Flashback: Bob Dylan and Tom Petty Perform ‘Lenny Bruce’ in 1986 – Rolling Stone

Bob Dylan made some pretty significant changes to his live show earlier this month when he added drummer Matt Chamberlain and guitarist Bob Britt into to the mix. Gone from the band is drummer George Recile, who played continuously for Dylan (onstage and in the studio) since he joined in 2001. No drummer in history has played even close to that many shows with Dylan. Chamberlain — best known for his work with Tori Amos, Pearl Jam, and the Saturday Night Live band — has never played with Dylan before, but Britt did contribute to the Time out of Mind sessions in 1997.

The set list was also reworked in some small, but significant ways. “Beyond Here Lies Nothin’” sometimes takes the place of “Things Have Changed” as the opener and he’s brought “Not Dark Yet” and “Lenny Bruce” into the regular set. The latter song was recorded for 1981’s Shot of Love and was a regular part of his show in the 1980s. Here’s a video of him singing it with Tom Petty and the Heartbreakers on their 1986 co-headlining tour.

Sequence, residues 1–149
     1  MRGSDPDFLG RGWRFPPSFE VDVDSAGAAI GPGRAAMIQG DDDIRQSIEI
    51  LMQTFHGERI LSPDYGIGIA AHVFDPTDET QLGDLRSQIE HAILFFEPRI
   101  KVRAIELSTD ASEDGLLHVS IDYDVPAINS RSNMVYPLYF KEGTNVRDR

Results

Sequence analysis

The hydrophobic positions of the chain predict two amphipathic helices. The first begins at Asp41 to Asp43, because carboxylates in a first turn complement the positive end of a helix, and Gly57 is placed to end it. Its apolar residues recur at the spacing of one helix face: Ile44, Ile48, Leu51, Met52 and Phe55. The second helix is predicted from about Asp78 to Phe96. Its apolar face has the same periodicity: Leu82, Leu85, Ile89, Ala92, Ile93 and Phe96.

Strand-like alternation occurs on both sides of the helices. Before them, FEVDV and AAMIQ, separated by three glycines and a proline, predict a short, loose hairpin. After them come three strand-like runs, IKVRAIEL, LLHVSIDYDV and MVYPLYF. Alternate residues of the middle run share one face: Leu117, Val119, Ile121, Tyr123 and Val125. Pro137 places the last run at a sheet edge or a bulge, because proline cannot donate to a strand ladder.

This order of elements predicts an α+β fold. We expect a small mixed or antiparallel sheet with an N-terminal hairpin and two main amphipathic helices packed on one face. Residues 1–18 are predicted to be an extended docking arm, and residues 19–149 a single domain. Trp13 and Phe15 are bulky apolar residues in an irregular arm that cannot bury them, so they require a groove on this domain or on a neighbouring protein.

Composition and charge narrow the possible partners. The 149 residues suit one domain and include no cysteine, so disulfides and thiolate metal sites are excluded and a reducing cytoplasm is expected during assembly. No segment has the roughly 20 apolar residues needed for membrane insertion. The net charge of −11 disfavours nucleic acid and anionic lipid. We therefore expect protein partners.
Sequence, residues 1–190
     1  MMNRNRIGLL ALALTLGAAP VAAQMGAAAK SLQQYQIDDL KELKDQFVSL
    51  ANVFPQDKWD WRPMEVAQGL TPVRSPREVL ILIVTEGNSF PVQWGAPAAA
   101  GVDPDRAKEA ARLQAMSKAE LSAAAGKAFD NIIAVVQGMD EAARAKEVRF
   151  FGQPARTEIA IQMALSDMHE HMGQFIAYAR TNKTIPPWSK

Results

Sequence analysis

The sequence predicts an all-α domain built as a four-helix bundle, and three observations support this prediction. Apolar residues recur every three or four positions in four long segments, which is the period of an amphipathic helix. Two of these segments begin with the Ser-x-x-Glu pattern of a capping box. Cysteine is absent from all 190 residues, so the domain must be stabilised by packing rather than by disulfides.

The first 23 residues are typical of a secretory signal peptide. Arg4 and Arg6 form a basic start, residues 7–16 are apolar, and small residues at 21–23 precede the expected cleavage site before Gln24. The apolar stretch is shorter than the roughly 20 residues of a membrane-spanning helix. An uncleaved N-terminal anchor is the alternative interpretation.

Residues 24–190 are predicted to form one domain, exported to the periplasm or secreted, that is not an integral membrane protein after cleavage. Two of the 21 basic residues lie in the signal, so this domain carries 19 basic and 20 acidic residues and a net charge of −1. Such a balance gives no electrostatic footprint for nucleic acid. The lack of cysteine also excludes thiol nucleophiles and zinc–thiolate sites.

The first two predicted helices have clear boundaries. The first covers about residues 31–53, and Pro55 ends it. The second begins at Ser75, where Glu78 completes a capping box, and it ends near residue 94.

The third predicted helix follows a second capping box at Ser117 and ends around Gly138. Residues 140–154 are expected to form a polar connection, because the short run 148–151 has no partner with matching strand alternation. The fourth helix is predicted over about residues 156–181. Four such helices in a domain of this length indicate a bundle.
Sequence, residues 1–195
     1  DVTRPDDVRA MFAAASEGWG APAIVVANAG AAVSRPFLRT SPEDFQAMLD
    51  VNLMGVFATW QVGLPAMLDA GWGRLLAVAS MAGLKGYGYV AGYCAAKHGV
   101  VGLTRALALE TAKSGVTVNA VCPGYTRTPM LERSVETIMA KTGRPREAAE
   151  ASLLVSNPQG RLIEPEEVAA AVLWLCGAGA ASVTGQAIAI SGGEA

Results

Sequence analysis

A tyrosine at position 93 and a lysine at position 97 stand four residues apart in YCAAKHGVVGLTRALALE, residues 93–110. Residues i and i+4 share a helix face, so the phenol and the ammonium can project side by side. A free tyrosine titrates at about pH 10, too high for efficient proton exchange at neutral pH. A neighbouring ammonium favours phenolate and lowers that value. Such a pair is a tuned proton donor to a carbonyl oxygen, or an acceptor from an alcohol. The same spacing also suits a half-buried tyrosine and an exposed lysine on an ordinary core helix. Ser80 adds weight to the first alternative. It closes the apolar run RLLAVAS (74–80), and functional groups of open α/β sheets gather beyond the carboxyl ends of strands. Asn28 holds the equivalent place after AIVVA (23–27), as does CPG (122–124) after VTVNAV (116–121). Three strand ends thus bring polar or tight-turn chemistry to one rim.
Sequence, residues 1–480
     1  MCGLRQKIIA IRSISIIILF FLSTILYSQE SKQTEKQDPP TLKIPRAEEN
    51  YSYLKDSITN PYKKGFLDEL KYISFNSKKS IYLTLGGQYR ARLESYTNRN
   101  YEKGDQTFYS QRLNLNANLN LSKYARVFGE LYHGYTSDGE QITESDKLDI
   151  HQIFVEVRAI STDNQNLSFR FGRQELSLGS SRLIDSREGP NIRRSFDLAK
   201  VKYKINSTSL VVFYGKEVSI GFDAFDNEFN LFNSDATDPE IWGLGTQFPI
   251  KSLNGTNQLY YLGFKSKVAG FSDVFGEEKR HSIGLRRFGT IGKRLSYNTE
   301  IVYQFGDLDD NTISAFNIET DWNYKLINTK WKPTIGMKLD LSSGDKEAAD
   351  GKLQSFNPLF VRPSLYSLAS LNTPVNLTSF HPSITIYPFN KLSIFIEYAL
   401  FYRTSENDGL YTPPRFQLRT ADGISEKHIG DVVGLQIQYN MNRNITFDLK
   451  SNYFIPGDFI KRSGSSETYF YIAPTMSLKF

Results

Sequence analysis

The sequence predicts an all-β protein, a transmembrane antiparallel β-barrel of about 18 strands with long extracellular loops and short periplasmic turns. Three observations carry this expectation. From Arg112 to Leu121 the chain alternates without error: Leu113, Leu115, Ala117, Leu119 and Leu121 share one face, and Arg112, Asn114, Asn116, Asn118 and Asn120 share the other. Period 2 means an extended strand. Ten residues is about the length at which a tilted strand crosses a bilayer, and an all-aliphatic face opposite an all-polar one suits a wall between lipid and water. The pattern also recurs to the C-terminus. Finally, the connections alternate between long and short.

Much like “George Jackson,” “Hurricane,” and “Joey,” the song is a straight-forward tribute to a man that Dylan greatly admired. “I saw [Lenny Bruce] perform in the early Sixties, around 1963, before he got caught up in all that legal stuff,” Dylan said in 1986. “He’s someone who’s never really been attributed the respect he deserves for what he did and the influences he had on so many people. Guys like Richard Pryor and Eddie Murphy, they owe such a huge debt to him, but no one makes the same fuss about him as they do about all those other guys that died before they should have.”

Prior to this month, Dylan hadn’t played the song live since 2008. It’s likely to stay in the show as the tour continues during the next six weeks, wrapping up December 8th at the Anthem in Washington, D.C. Dylan then takes a break before heading over to Japan in April 2020 for 10 shows in Tokyo and three in Osaka. He’ll be pretty close to his 79th birthday by that point, but at this point it’s easy to imagine him touring long into his 80s. Unlike Lenny Bruce, he’s been fortunate to have an extremely long career.

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